The limitations of physical planning to control urban sprawl are evident. Its control would only be possible in a context of profound economic adjustments of the current model, or by a slowdown in economic growth or an adjustment of the role of private ownership in the economy.
At existing rates of economic growth in Latin America – given the relationship between economic growth and urban sprawl – could not expect a sprawling city, which is based on a highly developed infrastructure (car) and only in this way allows the decoupling comparative advantages of urban agglomeration. It is expected that American cities are compact, rather than Europe, where rates of investment per km2 are incomparably higher and finally explaining the suburbanization of urban development. Latin American cities expand as oil stain with edge irregularities and gaps that manifested while market imperfections in land prices are more continuous than those seen in the old continent. Still require several points of GDP growth to experience expansive formats leapfrog older polymerizations hinterland.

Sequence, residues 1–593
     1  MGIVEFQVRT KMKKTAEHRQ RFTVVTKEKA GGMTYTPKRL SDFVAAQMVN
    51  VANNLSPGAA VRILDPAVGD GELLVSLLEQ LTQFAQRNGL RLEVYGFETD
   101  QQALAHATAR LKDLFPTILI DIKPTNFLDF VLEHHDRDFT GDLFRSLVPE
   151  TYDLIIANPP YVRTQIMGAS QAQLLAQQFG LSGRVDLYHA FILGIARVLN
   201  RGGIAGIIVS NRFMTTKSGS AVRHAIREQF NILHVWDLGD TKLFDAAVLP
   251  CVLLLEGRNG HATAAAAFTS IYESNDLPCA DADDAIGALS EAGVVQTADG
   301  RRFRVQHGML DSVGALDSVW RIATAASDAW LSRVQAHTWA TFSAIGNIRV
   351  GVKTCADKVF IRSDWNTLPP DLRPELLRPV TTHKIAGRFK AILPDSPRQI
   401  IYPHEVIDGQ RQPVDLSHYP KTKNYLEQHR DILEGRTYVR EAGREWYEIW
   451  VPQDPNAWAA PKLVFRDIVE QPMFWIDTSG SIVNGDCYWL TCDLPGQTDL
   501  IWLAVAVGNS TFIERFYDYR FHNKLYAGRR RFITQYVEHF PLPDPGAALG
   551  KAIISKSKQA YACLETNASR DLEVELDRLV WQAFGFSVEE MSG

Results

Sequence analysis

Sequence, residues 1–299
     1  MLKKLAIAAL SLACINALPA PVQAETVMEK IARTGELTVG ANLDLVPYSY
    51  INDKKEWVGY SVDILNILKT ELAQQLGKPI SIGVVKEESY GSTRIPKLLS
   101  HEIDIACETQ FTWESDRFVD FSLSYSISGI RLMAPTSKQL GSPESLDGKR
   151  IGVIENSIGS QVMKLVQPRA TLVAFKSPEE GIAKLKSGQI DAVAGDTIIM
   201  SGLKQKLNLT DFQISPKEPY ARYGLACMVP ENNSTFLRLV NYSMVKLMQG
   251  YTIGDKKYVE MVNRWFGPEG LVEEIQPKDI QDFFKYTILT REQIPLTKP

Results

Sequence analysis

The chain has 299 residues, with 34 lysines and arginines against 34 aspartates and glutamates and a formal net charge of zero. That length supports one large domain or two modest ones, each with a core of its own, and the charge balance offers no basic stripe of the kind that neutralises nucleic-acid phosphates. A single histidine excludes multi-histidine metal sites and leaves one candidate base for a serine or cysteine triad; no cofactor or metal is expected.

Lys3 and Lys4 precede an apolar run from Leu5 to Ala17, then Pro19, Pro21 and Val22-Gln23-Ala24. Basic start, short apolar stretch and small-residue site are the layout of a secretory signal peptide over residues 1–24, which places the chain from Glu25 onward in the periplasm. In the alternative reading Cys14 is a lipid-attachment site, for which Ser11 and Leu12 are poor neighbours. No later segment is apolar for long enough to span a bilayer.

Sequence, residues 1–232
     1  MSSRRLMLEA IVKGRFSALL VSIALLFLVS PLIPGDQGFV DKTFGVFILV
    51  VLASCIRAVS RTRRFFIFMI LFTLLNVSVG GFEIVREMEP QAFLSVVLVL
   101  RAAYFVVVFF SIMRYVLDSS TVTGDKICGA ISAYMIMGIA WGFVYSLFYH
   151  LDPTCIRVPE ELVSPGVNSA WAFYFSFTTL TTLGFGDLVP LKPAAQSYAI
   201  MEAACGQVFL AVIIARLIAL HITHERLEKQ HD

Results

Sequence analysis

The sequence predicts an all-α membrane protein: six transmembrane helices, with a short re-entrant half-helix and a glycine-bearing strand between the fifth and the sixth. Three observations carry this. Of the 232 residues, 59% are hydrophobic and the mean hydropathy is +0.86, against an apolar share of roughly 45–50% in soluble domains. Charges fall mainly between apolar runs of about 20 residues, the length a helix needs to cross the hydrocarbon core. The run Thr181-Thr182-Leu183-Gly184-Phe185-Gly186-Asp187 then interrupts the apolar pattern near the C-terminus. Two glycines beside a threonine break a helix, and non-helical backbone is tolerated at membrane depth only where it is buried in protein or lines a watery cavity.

Thus the control and minimization of urban fragmentation appears as a priority objective of physical planning and public policy. This implies the ability to predict the expansion space vector, the weight of its components so as to anticipate adverse effects. Also adequate monitoring of its features. Not understanding the combination of factors can lead to land policy to focus on minor issues losing their effectiveness. Moreover, the ability to predict spatial patterns based on algorithms based on probability of urban change is a powerful tool to implement in future development of land policy in Latin American countries, where the absence of empirical models, robust from the scientific point of view so far relies on intuitive judgments.